Blood Work: Scientists Seek to Identify All the Proteins in Plasma
Travis, John, Science News
In his 1998 book Blood: An Epic History of Medicine and Commerce, author Douglas Starr traced the rise of blood as a commercially exploited tissue. In the preface, he compared blood to oil and suggested that the former is more valuable. At the time of the book, a barrel of crude off sold for about $13, whereas Starr estimated that the same quantity of whole blood would fetch $20,000--and more than $67,000 if it were processed. "Just like the oil industry, the blood trade involves collecting a liquid resource, breaking it into components and selling the product globally; he wrote.
Consider the intense demand for plasma, the clear liquid portion of blood that contains therapeutic molecules such as clotting factors and albumin, a protein regularly used to treat shock and other conditions. The companies selling these natural compounds process more than 22 million liters of plasma each year, according to the Plasma Protein Therapeutics Association in Annapolis, Md.
The annual worldwide revenue from plasma-derived therapeutic products is around $5 billion, according to one estimate cited in Starr's book.
Plasma proteins also provide a wealth of diagnostic tools. For instance, physicians look at high blood concentrations of a protein called prostate-specific antigen as an indication of prostate cancer. And people view their blood concentrations of HDL and LDL, two cholesterol-carrying proteins, as signs of the health of their heart.
Still, there may be a lot more value hidden within plasma. To date, scientists have identified only several hundred of the estimated thousands of proteins typically coursing through a person's bloodstream.
Between 1977 and 2001, scientists screening human plasma for new proteins added only about 20 proteins to the tally, says N. Leigh Anderson, who founded the Plasma Proteome Institute, a nonprofit research organization in Washington, D.C. "That's just astoundingly, amazingly bad," he says.
Indeed, Anderson and other scientists suggest that human plasma contains some of every protein produced by the human body, perhaps hundreds of thousands of different molecules. Identifying this repertoire of plasma proteins could offer new ways to detect--or even treat and prevent--many diseases.
"It's a very broad and bold opportunity," says Gilbert Omenn of the University of Michigan in Ann Arbor, who leads an international consortium of scientists seeking to characterize plasma proteins.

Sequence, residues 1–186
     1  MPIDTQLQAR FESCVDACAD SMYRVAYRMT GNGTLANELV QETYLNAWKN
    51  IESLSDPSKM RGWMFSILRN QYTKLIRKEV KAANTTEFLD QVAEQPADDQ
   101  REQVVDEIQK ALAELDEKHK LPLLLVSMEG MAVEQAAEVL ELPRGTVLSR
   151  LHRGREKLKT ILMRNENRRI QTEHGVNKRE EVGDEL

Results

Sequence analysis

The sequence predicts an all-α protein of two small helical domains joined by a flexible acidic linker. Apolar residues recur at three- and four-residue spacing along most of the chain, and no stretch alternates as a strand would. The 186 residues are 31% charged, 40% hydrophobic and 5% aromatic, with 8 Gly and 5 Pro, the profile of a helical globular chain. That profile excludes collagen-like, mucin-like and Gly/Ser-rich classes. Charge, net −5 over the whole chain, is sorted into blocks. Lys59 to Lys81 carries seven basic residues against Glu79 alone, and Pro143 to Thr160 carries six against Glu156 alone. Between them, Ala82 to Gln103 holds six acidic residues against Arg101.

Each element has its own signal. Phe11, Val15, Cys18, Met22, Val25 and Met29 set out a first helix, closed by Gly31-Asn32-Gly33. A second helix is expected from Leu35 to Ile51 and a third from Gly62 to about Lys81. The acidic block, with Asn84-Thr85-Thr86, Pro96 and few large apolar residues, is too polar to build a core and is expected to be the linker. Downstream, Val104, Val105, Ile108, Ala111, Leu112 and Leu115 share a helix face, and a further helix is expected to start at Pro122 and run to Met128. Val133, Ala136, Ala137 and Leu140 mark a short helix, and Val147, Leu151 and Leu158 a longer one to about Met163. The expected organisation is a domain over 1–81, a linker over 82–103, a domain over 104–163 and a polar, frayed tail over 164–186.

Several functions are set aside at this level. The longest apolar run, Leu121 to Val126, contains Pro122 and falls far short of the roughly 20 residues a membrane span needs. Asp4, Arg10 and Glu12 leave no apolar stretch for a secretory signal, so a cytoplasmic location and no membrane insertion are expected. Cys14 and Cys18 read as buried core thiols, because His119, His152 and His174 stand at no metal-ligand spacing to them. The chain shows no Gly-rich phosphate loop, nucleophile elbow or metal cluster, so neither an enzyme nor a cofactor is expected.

The search for plasma proteins is speeding up. Last December, a team at Pacific Northwest National Laboratory in Richland, Wash., reported that it had identified almost 500 proteins in a sample of human plasma. That nearly doubles the number previously known, says team leader Joel G. Pounds.
"We're right at the cusp of a huge revolution in the field," says Anderson.
TOO MUCH OF A GOOD THING Spin a vial of blood in a centrifuge, and the red and white blood cells, as well as the disklike platelets responsible for normal clotting, sink to the bottom. A clear liquid remains above them. That fluid, the plasma, consists of water with salts, hormones, enzymes, antibodies, and other proteins dissolved in it.
Over the past few decades, Anderson and other scientists have largely used a process called gel electrophoresis to identify plasma proteins. In this approach, investigators put plasma at one end of a slab of gel and run an electric current through it. Migrating with the current through the gel at speeds based on their molecular weight and electric charge, plasma proteins separate from each other. The researchers then extract purified proteins from the gel.
In a review of plasma-protein research published in the November 2002 Molecular and Cellular Proteomics, Anderson and his father, Norman G. Anderson, estimate that about 290 plasma proteins have been identified in this way. They argue that gel electrophoresis used by itself will find few additional blood proteins. …